NEW YORK (CNNfn) - Federal regulators released new rules that would make it more difficult for the continent's remaining major railroads to merge, requiring them to prove such deals will increase competition for rail customers and deal with service problems that have plagued recent rail combinations.|
The Surface Transportation Board, which oversees rail mergers, said in a statement that consolidation is no longer needed to deal with excess rail capacity, and due to service problems that have accompanied many recent acquisitions, future merger partners "will be required to bear a heavier burden to show that a major rail combination is consistent with the public interest."
Specifically the railroads will have to reach an agreement that increases the competitive choices for more of their customers, and will have to provide firmer proof that customers will not suffer from service problems from the mergers.
Federal regulators Monday issued tougher rules on what rail mergers will be allowed.|
"Given the size of the transactions that may be proposed in the future, and, given the dangers involved should such transactions fail, the benefits claimed by future merger applicants will be very closely scrutinized," said the board's statement."
Still the new rules on increased competition were described as vague by both railroad executives and a member of a trade group of rail customers.
"I think the new rules raise the bars, but we're not sure how high," said Ed Rastatter, director of policy for the National Industrial Transportation League, whose members include most major rail customers. "Their focus has been on making the final rules even less definite than the proposal they came out with last October. We only know what the rules mean when a case comes along and they go through it and analyze it."
Rail investors have generally shunned railroads that are acquiring other railroads due to service and profit problems that follow. The fact that new mergers are looming, coupled with high fuel costs and a slowing industrial traffic makes the sector a difficult play right now said Jason Seidl, analyst with ABN Amro. But he couldn't say when the next merger will be announced.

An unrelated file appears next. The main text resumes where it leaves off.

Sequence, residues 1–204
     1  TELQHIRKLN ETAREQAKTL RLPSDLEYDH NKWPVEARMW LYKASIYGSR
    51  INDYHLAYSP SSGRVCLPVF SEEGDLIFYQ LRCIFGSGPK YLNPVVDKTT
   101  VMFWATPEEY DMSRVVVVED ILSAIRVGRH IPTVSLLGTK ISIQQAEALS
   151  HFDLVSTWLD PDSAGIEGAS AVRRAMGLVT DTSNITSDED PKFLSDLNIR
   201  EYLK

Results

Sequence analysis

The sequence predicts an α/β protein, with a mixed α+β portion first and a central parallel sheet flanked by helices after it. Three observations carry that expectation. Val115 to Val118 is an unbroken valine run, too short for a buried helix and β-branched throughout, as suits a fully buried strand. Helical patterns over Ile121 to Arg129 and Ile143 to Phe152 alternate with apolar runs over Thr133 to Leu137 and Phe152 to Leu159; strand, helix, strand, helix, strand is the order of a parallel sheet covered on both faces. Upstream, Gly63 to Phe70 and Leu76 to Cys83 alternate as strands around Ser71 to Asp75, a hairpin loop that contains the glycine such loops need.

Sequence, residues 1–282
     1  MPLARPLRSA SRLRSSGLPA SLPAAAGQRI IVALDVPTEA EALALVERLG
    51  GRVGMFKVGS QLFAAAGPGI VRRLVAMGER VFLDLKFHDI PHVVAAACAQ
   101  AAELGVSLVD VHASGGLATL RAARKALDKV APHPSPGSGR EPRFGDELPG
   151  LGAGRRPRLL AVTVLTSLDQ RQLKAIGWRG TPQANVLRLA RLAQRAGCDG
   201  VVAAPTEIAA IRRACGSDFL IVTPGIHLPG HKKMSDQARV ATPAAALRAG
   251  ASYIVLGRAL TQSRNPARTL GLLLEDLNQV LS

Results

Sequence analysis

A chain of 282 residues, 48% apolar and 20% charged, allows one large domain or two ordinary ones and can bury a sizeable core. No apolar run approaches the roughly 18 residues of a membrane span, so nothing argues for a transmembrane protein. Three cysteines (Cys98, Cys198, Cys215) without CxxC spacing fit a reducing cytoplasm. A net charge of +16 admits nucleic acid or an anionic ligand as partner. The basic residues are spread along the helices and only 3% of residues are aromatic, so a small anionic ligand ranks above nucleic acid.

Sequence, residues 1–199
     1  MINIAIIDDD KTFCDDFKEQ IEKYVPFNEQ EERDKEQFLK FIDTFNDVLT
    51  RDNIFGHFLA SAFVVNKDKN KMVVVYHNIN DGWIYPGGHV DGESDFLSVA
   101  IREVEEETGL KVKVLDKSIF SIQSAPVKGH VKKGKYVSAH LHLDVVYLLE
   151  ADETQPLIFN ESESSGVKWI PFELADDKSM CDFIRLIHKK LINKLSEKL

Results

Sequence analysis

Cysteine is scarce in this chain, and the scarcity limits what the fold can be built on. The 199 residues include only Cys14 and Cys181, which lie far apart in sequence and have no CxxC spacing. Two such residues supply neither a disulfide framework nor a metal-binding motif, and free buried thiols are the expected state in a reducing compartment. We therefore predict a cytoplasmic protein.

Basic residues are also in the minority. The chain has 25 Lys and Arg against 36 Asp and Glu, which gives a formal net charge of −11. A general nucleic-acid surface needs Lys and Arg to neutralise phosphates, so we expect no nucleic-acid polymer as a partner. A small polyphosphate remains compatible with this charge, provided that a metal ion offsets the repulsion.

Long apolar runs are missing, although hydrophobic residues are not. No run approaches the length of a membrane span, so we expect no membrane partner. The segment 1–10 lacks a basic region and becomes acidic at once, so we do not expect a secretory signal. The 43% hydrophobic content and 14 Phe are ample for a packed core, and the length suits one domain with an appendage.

"Is it today? Probably not. Could it happen soon? Sure," he said. "I'm not 100 percent sure when it's going to happen. But the next round is inevitable."
The new rules have been under study for more than a year. The STB imposed a 15-month moratorium on new combinations last year, a move that blocked the then-proposed merger of Canadian National Railway Co.(CNI: down $0.26 to $41.70, Research, Estimates) and Burlington Northern Santa Fe Corp. (BNI: down $0.48 to $30.48, Research, Estimates)
Other major railroads had pushed for a freeze, which is set to expire next month, saying they weren't prepared for the next round of consolidation but that they would be forced to respond with mergers of their own if the CN-BNSF deal was approved.
A long trend of consolidation in the industry has left the continent with two major western rail carriers - BNSF and Union Pacific Corp. (UNP: down $0.99 to $55.71, Research, Estimates) , the nation's largest railroad, as well as two major eastern carriers - CSX Corp. (CSX: down $0.78 to $36.92, Research, Estimates) and Norfolk Southern Corp. (NSC: down $0.46 to $21.62, Research, Estimates) , as well as two Canadian railroads, Canadian National and Canadian Pacific Ltd. (CP: down $0.84 to $41.02, Research, Estimates)
Next merger round could leave two railroads